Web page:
newspapers used to try to fill ourselves up with choosing whose plate
we'd take if we could get at it. Beefsteak and French fried potatoes
were the favorites, and hot oyster stews. We were so all-fired
"How pathetic!" exclaimed Lady Mallowe. "And how interesting, now that
it is all over!"
She knew that her manner was gushing, and Joan's slight side glance of
subtle appreciation of the fact exasperated her almost beyond
endurance. What could one do, what could one talk about, without
involving oneself in difficulties out of which one's hasty retreat
could be effected only by gushing? Taking into consideration the
awkwardness of the whole situation and seeing Joan's temper and
attitude, if there had not been so much at stake she would have
received a summoning telegram from London the next day and taken
flight. But she had been forced to hold her ground before in places
she detested or where she was not wanted, and she must hold it again
until she had found out the worst or the best. And, great heaven! how
Joan was conducting herself, with that slow, quiet insultingness of
tone and look, the wicked, silent insolence of bearing which no man
was able to stand, however admiringly he began! The Duke of Merthshire
had turned his back upon it even after all the world had known his
intentions, even after the newspapers had prematurely announced the
engagement and she herself had been convinced that he could not
possibly retreat. She had worked desperately that season, she had
fawned on and petted newspaper people, and stooped to little things no
one but herself could have invented and which no one but herself knew
of. And never had Joan been so superb; her beauty had seemed at its
most brilliant height. The match would have been magnificent; but he
could not stand her, and would not. Why, indeed, should any man? She
glanced at her across the table. A beauty, of course; but she was
thinner, and her eyes had a hungry fierceness in them, and the two
delicate, straight lines between her black brows were deepening.
And there were no dukes on the horizon. Merthshire had married almost
at once, and all the others were too young or had wives already. If
this man would take her, she might feel herself lucky. Temple Barholm
and seventy thousand a year were not to be trifled with by a girl who
had made herself unpopular and who was twenty-six. And for her own
luck the moment had come just before it was too late--a second
marriage, wealth, the end of the hideous struggle. Joan was the
obstacle in her path, and she must be forced out of it. She glanced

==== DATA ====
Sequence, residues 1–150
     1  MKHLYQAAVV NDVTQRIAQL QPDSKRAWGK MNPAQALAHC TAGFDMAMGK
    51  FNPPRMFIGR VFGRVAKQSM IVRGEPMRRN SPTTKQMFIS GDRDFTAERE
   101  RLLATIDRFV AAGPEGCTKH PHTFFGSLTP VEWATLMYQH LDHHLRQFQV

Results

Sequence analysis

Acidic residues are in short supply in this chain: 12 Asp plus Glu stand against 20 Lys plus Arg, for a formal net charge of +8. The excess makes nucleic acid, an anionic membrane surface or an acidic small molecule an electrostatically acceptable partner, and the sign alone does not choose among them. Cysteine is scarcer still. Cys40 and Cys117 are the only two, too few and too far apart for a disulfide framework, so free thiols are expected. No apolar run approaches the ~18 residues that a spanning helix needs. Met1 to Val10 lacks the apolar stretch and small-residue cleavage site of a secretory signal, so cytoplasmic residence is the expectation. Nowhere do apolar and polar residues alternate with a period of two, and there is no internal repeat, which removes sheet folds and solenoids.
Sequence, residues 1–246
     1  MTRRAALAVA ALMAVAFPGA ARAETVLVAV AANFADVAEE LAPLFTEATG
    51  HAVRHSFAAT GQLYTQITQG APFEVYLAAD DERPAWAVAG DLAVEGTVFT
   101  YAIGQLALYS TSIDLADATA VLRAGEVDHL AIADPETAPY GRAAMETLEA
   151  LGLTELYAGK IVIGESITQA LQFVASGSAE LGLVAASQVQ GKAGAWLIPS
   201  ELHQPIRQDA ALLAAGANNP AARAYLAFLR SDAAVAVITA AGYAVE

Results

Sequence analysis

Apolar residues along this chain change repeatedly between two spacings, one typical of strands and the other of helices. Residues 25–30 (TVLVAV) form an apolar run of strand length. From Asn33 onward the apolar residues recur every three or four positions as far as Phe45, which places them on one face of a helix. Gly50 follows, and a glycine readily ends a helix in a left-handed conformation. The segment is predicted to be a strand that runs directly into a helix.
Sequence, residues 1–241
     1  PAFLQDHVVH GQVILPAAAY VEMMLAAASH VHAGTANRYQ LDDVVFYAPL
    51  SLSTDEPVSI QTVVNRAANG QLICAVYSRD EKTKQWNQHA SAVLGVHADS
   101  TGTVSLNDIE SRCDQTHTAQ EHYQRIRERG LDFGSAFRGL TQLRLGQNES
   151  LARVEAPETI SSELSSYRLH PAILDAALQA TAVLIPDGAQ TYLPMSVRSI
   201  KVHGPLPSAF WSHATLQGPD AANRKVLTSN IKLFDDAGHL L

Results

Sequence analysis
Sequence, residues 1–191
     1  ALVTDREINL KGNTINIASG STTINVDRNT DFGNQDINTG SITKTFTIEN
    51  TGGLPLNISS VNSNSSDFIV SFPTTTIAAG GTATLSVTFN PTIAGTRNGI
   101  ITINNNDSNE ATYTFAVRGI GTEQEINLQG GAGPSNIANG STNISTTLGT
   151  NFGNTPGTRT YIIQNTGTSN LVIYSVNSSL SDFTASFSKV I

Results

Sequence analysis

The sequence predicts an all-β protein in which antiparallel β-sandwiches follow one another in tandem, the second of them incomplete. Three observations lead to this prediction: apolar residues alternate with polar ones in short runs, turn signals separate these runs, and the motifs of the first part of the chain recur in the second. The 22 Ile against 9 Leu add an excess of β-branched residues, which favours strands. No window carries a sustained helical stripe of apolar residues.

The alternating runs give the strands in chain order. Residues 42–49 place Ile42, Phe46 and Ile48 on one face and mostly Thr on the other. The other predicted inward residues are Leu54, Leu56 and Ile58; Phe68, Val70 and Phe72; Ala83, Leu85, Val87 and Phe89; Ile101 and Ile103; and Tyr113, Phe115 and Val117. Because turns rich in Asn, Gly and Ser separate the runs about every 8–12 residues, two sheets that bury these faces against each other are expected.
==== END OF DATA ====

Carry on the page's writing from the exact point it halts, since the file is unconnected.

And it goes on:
quickly at Tembarom. He was trying to talk to Joan now. He was trying
to please her. She evidently had a fascination for him. He looked at
her in a curious way when she was not looking at him. It was a way
different from that of other men whom she had watched as they
furtively stared. It had struck her that he could not take his eyes
away. That was because he had never before been on speaking terms with
a woman of beauty and rank.
Joan herself knew that he was trying to please her, and she was asking
herself how long he would have the courage and presumption to keep it
up. He could scarcely be enjoying it.
He was not enjoying it, but he kept it up. He wanted to be friends
with her for more reasons than one. No one had ever remained long at
enmity with him. He had "got over" a good many people in the course of
his career, as he had "got over" Joseph Hutchinson. This had always
been accomplished because he presented no surface at which arrows
could be thrown. She was the hardest proposition he had ever come up
against, he was thinking; but if he didn't let himself be fool enough
to break loose and get mad, she'd not hate him so much after a while.
She would begin to understand that it wasn't his fault; then perhaps
he could get her to make friends. In fact, if she had been able to
read his thoughts, there is no certainty as to how far her temper
might have carried her. But she could see him only as a sharp-faced,
common American of the shop-boy class, sitting at the head of Jem
Temple Barholm's table, in his chair.
As they passed through the hall to go to the drawing-room after the
meal was over, she saw a neat, pale young man speaking to Burrill and
heard a few of his rather anxiously uttered words.
"The orders were that he was always to be told when Mr. Strangeways
was like this, under all circumstances. I can't quiet him, Mr.
Burrill. He says he must see him at once."
Burrill walked back stiffly to the dining-room.
"It won't trouble HIM much to be disturbed at his wine," he muttered
before going. "He doesn't know hock from port."
When the message was delivered to him, Tembarom excused himself with
simple lack of ceremony.
"I 'll be back directly," he said to Palliser. "Those are good
cigars." And he left the room without going into the matter further.
Palliser took one of the good cigars, and in taking it exchanged a
glance with Burrill which distantly conveyed the suggestion that
perhaps he had better remain for a moment or so. Captain Palliser's
knowledge of interesting detail was obtained "by chance here and
there," he sometimes explained, but it was always obtained with a
light and casual air.
"I am not sure," he remarked as he took the light Burrill held for him
and touched the end of his cigar--"I am not quite sure that I know
exactly who Mr. Strangeways is."
"He's the gentleman, sir, that Mr. Temple Barholm brought over from
New York," replied Burrill with a stolidity clearly expressive of